Putting subprime in perspective in a small state

People often ask how many subprime mortgages are out there, how big the problem is, and why is it such a big deal. Today we shall look a a relatively small state by size. Connecticut had 71,000 subprime mortgages totaling $15 billion, with about 8 percent — or 5,680 totaling $1.2 billion — that were seriously delinquent as of March 31, 2007. New figures show the state has 77,000 active subprime mortgages totaling about $17 billion. Of those, about 15 percent — or 11,550 loans totaling $2.5 billion — were seriously delinquent and headed for foreclosure as of Dec. 31. These figures are just from one state.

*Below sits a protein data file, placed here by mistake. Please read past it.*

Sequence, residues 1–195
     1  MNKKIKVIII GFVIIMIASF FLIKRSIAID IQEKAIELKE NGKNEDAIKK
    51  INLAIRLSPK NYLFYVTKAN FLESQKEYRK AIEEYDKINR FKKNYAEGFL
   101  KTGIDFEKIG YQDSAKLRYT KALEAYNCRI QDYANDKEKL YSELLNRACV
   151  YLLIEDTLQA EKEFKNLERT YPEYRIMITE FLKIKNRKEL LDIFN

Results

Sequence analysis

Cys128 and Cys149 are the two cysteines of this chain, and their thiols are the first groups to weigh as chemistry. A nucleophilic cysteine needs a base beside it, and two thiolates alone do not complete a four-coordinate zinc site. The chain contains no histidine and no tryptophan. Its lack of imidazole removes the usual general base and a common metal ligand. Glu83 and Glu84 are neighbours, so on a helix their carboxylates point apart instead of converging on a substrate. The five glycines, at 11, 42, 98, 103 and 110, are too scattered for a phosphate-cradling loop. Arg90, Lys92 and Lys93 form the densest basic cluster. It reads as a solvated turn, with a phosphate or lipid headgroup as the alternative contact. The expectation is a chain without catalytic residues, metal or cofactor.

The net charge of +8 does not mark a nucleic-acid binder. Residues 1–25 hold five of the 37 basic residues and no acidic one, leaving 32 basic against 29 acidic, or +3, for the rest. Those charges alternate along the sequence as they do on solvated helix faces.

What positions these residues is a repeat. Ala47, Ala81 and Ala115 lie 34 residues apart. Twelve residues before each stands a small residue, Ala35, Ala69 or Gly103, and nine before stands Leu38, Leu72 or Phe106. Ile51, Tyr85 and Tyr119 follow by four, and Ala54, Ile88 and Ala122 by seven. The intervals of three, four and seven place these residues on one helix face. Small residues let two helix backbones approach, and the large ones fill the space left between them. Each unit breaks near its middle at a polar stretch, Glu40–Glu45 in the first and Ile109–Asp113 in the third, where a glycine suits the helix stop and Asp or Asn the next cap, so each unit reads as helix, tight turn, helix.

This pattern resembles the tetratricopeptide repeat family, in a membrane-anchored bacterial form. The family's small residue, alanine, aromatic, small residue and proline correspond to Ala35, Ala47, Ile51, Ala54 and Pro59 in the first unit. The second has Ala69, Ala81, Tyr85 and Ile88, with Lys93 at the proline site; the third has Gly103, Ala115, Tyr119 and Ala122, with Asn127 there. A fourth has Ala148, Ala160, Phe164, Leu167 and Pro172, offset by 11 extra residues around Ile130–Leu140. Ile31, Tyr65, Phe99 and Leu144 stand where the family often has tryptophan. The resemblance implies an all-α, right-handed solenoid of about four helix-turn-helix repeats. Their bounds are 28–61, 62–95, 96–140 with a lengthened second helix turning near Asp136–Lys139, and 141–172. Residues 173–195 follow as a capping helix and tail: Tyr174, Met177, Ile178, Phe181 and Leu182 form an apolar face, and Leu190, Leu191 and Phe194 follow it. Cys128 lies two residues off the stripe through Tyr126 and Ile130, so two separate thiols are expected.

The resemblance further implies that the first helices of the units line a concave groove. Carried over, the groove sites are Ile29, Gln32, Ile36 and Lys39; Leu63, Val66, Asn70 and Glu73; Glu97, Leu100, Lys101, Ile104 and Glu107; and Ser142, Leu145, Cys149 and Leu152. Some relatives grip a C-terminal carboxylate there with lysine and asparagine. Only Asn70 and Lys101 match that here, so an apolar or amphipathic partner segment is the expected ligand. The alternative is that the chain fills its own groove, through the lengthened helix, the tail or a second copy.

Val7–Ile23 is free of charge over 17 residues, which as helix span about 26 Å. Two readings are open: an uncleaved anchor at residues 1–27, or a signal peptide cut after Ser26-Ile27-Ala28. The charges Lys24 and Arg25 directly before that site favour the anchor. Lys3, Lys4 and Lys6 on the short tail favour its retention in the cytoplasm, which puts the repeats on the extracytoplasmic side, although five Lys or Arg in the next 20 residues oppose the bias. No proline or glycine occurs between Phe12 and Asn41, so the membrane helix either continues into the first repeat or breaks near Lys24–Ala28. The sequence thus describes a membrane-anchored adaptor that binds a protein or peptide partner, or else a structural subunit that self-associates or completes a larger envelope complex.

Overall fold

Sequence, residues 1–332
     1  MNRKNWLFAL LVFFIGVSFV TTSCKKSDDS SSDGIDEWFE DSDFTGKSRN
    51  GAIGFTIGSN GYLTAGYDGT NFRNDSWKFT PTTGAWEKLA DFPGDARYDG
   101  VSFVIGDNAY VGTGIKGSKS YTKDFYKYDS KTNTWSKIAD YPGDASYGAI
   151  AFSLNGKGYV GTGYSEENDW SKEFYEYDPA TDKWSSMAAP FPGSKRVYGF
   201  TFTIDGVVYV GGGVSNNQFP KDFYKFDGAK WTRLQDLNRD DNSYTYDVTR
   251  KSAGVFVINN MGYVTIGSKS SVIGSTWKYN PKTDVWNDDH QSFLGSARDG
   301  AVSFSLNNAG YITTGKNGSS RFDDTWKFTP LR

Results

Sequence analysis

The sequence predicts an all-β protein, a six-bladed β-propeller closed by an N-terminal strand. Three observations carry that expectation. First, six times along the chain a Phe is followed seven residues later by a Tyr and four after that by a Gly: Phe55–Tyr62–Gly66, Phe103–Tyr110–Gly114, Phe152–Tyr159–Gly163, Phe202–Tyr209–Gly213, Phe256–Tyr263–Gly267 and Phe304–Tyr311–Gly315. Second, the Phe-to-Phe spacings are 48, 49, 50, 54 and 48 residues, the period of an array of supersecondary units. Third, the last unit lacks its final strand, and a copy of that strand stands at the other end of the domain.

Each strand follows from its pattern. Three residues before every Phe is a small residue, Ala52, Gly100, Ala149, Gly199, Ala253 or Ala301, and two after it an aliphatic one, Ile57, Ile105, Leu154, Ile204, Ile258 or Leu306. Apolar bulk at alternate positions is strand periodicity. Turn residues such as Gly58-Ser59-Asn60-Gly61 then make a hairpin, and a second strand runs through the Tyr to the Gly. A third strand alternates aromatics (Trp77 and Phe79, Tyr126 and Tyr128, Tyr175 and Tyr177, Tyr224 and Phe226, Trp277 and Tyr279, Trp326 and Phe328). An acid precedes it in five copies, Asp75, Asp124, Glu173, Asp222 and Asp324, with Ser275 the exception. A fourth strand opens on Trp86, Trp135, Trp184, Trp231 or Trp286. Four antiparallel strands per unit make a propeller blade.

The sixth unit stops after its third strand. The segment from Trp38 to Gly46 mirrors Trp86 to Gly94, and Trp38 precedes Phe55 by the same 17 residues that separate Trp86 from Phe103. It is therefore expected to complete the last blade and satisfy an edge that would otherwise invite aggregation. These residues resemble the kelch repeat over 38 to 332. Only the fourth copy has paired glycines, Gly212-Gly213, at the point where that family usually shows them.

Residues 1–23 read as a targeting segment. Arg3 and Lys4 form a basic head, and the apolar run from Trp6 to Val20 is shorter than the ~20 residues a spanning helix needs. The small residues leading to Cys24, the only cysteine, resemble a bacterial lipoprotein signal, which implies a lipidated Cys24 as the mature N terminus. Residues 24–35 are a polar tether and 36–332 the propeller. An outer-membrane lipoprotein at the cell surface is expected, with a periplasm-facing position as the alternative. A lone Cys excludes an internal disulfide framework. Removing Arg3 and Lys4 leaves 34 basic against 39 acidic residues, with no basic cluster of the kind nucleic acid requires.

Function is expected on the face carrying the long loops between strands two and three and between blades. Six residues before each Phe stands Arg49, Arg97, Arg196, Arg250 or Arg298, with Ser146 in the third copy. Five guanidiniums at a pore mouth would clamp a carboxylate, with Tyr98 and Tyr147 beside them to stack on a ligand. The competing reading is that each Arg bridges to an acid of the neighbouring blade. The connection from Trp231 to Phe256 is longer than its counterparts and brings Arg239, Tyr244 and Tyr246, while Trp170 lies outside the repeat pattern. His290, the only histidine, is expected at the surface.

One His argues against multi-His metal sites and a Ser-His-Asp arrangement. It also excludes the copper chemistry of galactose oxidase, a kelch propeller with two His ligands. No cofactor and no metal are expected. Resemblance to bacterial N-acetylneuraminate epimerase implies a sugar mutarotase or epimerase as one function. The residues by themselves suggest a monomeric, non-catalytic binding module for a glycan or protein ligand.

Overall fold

Multiply that by the other states in the nation. Granted some states are bigger and some are less populated. By early 2008 the nation also awakened to the problem of rising gasoline and food prices. Oil has skyrocketed, and the impact on Connecticut this winter will come from the high cost of home heating oil. We used Connecticut because news reports seem to concentrate on Ohio, California, Florida, and Arizona. The Connecticut figures are indicative of a problem that is nto under control and will not go away for a while.